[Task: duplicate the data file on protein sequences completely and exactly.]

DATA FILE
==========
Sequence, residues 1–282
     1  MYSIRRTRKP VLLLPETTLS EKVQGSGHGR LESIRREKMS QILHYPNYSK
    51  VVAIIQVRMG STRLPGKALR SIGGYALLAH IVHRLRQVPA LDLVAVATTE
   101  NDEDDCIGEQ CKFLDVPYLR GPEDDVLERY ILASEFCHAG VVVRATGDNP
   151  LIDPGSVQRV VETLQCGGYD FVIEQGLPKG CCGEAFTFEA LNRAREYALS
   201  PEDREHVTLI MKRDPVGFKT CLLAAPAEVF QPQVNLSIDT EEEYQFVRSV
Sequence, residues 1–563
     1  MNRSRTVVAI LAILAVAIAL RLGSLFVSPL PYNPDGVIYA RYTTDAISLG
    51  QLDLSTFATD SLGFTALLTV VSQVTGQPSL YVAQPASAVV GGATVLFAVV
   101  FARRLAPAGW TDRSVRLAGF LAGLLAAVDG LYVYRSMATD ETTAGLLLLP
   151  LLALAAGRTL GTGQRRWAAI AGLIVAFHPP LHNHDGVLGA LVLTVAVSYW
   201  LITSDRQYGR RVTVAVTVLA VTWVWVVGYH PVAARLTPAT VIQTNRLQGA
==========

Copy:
Sequence, residues 1–282
     1  MYSIRRTRKP VLLLPETTLS EKVQGSGHGR LESIRREKMS QILHYPNYSK
    51  VVAIIQVRMG STRLPGKALR SIGGYALLAH IVHRLRQVPA LDLVAVATTE
   101  NDEDDCIGEQ CKFLDVPYLR GPEDDVLERY ILASEFCHAG VVVRATGDNP
   151  LIDPGSVQRV VETLQCGGYD FVIEQGLPKG CCGEAFTFEA LNRAREYALS
   201  PEDREHVTLI MKRDPVGFKT CLLAAPAEVF QPQVNLSIDT EEEYQFVRSV
Sequence, residues 1–563
     1  MNRSRTVVAI LAILAVAIAL RLGSLFVSPL PYNPDGVIYA RYTTDAISLG
    51  QLDLSTFATD SLGFTALLTV VSQVTGQPSL YVAQPASAVV GGATVLFAVV
   101  FARRLAPAGW TDRSVRLAGF LAGLLAAVDG LYVYRSMATD ETTAGLLLLP
   151  LLALAAGRTL GTGQRRWAAI AGLIVAFHPP LHNHDGVLGA LVLTVAVSYW
   201  LITSDRQYGR RVTVAVTVLA VTWVWVVGYH PVAARLTPAT VIQTNRLQGA